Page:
American Horror Story may be too timid to show a depiction of potential bestiality on our TV screens, but it does not shy away from a portrayed depiction of incest. Zoe is still distraught about the state that Kyle is in. Although loner witch Misty Day (Lily Rabe) has managed to work her magic and heal most of his wounds, Kyle is still mentally more monster than man. Zoe thinks that it will help if she takes him back to his mother Alicia Spencer (Mare Winningham). Mrs. Spencer had been distraught over the loss of her son, smoking his marijuana stash and contemplating suicide. Of course, this is because Mrs. Spencer has not just lost a son, but a lover. Zoe drops Kyle off on his mother’s doorstep, and later, after barging in on him in the shower, she realizes that he is not the same person that was her son. Mrs. Spencer confirms this when she joins Kyle in bed in a tender motherly moment turned cringe-worthy under the sheets sexual escapade. As a woman who had known every contour of her son’s body, she knows that this creature, though possessing Kyle’s head, is not the same boy she had carnally known before. Her chastising about keeping Zoe a secret, as well as her continued advances reaches a breaking point and the KyleStein Creature beats in his mother’s skull.


Well, there has been plenty of murderous mayhem and salacious sex in this third episode of American Horror Story: Coven. Next week seems to be the start of a showdown between the coven and the voodoo sect. I can’t wait, but before then, here are some random thoughts:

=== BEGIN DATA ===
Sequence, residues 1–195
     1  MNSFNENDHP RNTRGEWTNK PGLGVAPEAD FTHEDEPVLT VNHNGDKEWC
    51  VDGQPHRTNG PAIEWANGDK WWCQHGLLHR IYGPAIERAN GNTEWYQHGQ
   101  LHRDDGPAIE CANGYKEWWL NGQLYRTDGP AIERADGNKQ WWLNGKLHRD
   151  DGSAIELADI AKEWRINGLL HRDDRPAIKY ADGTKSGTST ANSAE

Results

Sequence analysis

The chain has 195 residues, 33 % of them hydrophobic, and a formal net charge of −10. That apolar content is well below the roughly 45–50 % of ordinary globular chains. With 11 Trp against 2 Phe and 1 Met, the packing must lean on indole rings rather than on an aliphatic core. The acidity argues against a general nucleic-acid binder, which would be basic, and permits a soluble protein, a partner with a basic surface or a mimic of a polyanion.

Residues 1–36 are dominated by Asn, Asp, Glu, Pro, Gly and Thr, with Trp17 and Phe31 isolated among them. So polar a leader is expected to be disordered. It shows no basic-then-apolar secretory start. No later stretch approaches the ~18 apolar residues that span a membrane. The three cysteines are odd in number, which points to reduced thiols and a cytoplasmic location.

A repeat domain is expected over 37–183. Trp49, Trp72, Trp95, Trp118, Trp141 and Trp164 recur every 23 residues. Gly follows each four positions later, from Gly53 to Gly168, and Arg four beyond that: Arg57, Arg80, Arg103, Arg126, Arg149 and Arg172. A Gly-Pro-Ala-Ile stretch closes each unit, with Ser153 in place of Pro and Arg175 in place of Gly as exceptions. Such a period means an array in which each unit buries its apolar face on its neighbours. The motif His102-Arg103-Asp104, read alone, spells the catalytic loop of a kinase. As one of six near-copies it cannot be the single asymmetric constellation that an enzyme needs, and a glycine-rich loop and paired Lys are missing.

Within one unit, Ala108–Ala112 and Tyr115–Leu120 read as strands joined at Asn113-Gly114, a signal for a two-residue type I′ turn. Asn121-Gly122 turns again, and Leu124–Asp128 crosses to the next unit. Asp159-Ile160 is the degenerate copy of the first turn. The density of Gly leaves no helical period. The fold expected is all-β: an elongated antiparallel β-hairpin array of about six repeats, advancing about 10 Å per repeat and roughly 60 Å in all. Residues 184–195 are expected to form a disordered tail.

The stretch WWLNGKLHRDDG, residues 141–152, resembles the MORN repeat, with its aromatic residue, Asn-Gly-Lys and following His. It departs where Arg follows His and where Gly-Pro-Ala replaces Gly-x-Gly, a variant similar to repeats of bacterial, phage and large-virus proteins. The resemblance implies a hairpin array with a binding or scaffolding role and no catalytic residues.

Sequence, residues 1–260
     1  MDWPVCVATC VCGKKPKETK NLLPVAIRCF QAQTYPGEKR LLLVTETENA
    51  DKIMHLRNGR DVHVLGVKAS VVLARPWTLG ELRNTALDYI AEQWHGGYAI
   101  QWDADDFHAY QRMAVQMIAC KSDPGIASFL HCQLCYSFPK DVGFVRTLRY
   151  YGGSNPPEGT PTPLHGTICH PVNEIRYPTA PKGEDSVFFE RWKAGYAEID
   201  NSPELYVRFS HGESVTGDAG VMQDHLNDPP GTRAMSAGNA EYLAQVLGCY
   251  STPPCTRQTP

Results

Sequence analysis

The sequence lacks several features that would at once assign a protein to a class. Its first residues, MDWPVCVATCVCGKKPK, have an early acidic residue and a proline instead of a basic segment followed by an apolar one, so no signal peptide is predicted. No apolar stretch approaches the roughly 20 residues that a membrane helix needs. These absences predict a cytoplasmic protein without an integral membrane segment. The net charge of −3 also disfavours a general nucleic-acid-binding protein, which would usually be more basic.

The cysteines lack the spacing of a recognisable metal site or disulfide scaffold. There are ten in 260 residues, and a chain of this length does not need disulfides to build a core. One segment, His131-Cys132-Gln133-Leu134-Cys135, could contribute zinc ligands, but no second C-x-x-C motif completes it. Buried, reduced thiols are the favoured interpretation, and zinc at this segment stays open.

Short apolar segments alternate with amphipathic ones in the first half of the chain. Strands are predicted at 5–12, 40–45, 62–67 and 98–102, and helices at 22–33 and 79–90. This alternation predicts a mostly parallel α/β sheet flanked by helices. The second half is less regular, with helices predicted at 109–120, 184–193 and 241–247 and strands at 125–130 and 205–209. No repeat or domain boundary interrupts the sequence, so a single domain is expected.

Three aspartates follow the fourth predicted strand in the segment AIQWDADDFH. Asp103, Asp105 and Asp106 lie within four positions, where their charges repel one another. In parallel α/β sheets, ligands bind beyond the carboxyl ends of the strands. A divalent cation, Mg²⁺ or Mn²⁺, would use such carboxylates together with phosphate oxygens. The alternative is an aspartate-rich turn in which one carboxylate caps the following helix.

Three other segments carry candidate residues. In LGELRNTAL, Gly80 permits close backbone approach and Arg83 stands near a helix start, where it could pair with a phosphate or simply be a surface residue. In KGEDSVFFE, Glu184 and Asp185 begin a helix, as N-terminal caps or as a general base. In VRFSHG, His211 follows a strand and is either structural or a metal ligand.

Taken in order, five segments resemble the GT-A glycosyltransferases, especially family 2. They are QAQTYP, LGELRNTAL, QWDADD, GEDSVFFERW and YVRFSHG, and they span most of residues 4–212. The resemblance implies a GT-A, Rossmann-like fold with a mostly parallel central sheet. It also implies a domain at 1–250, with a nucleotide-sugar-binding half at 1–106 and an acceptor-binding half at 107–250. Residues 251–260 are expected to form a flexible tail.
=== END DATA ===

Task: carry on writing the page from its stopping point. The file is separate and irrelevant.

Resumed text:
• This is a school that has lost 50% of its enrollment, but I’m not sure that is too big of a concern considering everything else that has been going on. Plus, what the hell are the pupils learning anyway? Cordelia and Fiona are more concerned about their own problems, while Nan only reads all day, Queenie is stuck in the kitchen, and Madison and Zoe have man problems.

  • In this episode we learned why Spalding lost his tongue, but that bit wasn’t depicted on-screen as AHS had filled up its graphic violence quota with this shot of the dead Mrs. Spencer.


  • We learned that it is relatively easy to kill a witch. All you have to do is slit their throat. Maybe you have to be a witch yourself to do that though, or maybe it is only so easy for a ‘Supreme’ like Fiona. Still, in measuring up the coven (youth-obsessed Fiona, baby-obsessed Cordelia, and Kyle-obsessed Zoe) against immortal Laveau’s voodoo sect, I’d give the definite advantage to the Cornrow City folk.

  • I laughed when Cordelia told her doctor that Hank was off on a consultation about a construction job. Having such an insignificant husband just makes Cordelia all the more insignificant herself.

  • When Misty Day was mounted on Kyle in the bed, with Zoe right there next to them, I played at a scene in my head where they had a weird three-way relationship, akin to Evan Peters’s two wives in last season’s Asylum. If any two witches were suited for polygamy, it would be Zoe, who’d kill the man, and Misty, who’d bring him right back. It turns out that more revolting sexual activity was in store instead.

  • Perhaps having sex with a minotaur wouldn’t be bestiality, but the whole situation brings to mind a Christopher Walken Saturday Night Live sketch mentioning centaur pornography But you’ve got to remember that, at some point, there’s gonna be a horse penis in there.

  • A friend of mine told me that he thought the dialogue in episode one “Bitchcraft” was laughable, especially concerning Kathy Bates’s speech said ancient Greek minotaur. While I’ll admit that this show does turn toward campiness, I thought that the writing in this episode was great. Bates, Bassett, and especially Lange are superb actresses, but their work is all the better when given lines like Fiona’s “I’ve lived a disreputable life, but I’ve done it in style, and I’ll die likewise.”